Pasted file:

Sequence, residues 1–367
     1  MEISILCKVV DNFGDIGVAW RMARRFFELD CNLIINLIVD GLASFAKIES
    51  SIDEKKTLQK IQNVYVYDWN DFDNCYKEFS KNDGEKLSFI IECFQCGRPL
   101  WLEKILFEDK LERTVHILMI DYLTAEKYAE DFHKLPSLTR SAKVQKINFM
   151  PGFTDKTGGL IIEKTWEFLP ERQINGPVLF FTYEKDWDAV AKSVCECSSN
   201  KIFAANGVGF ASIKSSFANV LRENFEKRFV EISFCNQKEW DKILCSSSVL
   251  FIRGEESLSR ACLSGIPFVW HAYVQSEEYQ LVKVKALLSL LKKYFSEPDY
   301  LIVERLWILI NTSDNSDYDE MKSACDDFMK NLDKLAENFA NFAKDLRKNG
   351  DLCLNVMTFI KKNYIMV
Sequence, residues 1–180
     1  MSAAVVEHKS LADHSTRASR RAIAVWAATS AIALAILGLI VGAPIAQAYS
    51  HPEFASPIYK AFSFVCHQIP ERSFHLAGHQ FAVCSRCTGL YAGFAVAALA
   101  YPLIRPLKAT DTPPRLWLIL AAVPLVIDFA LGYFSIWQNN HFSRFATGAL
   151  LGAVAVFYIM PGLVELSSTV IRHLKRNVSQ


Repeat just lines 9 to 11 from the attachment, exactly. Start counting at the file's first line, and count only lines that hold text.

   351  DLCLNVMTFI KKNYIMV
Sequence, residues 1–180
     1  MSAAVVEHKS LADHSTRASR RAIAVWAATS AIALAILGLI VGAPIAQAYS